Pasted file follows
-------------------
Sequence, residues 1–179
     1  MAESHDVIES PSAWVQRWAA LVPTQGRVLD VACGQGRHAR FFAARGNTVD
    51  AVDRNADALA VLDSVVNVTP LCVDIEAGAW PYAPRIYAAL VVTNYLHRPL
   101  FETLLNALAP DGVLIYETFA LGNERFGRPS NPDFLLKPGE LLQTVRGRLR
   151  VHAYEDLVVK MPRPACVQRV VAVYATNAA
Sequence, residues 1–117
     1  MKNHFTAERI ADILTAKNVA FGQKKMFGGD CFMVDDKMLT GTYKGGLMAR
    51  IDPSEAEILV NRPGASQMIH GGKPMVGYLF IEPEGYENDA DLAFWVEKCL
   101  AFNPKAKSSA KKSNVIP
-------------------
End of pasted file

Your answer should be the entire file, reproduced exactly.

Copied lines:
Sequence, residues 1–179
     1  MAESHDVIES PSAWVQRWAA LVPTQGRVLD VACGQGRHAR FFAARGNTVD
    51  AVDRNADALA VLDSVVNVTP LCVDIEAGAW PYAPRIYAAL VVTNYLHRPL
   101  FETLLNALAP DGVLIYETFA LGNERFGRPS NPDFLLKPGE LLQTVRGRLR
   151  VHAYEDLVVK MPRPACVQRV VAVYATNAA
Sequence, residues 1–117
     1  MKNHFTAERI ADILTAKNVA FGQKKMFGGD CFMVDDKMLT GTYKGGLMAR
    51  IDPSEAEILV NRPGASQMIH GGKPMVGYLF IEPEGYENDA DLAFWVEKCL
   101  AFNPKAKSSA KKSNVIP